“That cinephilia can ever be thoroughly and seriously reborn without the concept of images being traced to some kind of agency or intervention is unlikely. This sense of agency need not necessarily be the film director and indeed the cup tot the film star has been a central aspect to cinephilia since early in the cinema’s history. In spite of claims that auteurists are fixated on directorial style to the exclusion of other elements, a concern with the actor has not been absent from much of the film criticism that will be central to this book” (17).
“…I want to emphasize the relevance of these ostensibly old-fashioned testament films to the moment in which they were made and, by extension, their ongoing and contemporary relevance. Throughout the three chapters, the work of filmmakers associated with modernist or art cinema will be repeatedly invoked (Godard, Resnais, Antonioni, Fellini, Fassbinder), not to systematically set them in opposition to Lang, Hitchcock, and Minnelli, but instead to draw connections as much as differences and to complicate the temptation to read these films in terms of the simple notion of classical cinema in decline” (19).
“One key question that will be addressed here, then, is how modernist cinema deals with this issue of the secret beyond the door in comparison with classical cinema. To what extent is modernist cinema caught up in many of the same fascinations of space and movement as classical cinema and to what extent does it break with or overturn them? And in what ways are Lang, Hitchcock, and Minnelli part of a classical tradition and to what extent do they equally complicate it? (25).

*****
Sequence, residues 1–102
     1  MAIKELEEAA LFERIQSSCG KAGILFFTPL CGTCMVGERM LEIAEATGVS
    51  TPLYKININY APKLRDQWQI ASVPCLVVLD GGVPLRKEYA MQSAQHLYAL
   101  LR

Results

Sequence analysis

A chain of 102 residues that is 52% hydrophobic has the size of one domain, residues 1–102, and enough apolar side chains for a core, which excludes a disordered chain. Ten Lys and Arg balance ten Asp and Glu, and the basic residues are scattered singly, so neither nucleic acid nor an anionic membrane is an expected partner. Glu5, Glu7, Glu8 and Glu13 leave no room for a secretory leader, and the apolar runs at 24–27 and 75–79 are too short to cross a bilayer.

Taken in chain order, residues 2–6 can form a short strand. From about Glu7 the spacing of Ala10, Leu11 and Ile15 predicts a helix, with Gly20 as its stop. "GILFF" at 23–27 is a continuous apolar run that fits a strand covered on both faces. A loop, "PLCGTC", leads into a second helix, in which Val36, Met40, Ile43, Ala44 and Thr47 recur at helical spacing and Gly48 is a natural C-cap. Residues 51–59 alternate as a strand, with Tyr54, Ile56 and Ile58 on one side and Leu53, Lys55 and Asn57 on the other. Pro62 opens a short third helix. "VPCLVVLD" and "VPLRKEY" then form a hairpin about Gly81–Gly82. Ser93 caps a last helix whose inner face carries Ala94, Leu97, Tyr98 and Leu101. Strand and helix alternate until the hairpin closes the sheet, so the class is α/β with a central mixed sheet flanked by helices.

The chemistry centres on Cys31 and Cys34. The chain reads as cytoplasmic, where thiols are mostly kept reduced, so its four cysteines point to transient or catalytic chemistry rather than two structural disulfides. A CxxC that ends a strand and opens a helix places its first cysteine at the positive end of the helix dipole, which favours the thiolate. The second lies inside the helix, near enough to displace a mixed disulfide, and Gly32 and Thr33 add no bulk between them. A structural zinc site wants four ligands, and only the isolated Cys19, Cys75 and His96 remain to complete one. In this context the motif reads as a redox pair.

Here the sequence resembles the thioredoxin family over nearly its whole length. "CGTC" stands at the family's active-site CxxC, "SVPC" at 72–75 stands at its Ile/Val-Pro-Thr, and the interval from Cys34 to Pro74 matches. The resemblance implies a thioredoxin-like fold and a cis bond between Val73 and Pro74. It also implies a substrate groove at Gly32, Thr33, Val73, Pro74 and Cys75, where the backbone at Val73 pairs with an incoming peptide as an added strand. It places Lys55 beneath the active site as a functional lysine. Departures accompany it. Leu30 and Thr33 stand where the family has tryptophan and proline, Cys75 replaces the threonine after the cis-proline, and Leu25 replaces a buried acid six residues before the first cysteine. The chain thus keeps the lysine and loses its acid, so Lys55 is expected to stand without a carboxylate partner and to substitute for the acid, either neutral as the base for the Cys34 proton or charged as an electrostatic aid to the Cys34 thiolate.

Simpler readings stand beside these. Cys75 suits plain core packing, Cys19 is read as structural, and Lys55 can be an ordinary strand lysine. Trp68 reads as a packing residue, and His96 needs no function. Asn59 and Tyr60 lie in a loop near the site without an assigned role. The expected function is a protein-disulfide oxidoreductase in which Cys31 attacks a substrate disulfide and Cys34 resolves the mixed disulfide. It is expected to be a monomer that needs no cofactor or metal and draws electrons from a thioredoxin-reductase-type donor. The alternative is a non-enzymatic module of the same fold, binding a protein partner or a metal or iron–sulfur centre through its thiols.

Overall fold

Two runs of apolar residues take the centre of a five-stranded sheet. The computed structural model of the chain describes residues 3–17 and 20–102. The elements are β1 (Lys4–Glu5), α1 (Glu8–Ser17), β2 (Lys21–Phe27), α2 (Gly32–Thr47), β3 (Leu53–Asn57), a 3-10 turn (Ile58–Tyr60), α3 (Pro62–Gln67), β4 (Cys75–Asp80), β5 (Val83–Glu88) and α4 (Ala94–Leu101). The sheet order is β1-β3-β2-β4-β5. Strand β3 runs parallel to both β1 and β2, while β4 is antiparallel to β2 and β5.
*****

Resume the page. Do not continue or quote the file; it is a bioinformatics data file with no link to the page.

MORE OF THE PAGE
“This study has attempted to show that the analysis of figures such as Hitchcock, Lang, and Minnelli is not simply one that involves the celebration of auteurs. It also involves the study of forms, of discourses, and of histories that helped to define that perpetually shifting and ambiguous term classical cinema. But as I hope is abundantly clear throughout this text, I also love these films and the work of these filmmakers, and a primary motivation here was to convey that enthusiasm, to extol, to proclaim, to hector, and to force the reader to see something that may have been overlooked or misunderstood, to use a certain basic impulse behind cinephilia for the study of something I hope also has broader historical implications. I conclude, then, on an optimistic note not only of evoking the perpetual and evolving impulse of cinema, but also of the perpetual and evolving impulse of cinephilia” (212).